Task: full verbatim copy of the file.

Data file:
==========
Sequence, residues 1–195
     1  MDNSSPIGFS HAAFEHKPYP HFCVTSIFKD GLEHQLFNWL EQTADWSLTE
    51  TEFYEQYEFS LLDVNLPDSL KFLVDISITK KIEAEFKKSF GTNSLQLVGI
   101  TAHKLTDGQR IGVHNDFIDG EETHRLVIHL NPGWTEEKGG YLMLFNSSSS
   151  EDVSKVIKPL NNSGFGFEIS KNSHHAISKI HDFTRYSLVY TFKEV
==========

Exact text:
Sequence, residues 1–195
     1  MDNSSPIGFS HAAFEHKPYP HFCVTSIFKD GLEHQLFNWL EQTADWSLTE
    51  TEFYEQYEFS LLDVNLPDSL KFLVDISITK KIEAEFKKSF GTNSLQLVGI
   101  TAHKLTDGQR IGVHNDFIDG EETHRLVIHL NPGWTEEKGG YLMLFNSSSS
   151  EDVSKVIKPL NNSGFGFEIS KNSHHAISKI HDFTRYSLVY TFKEV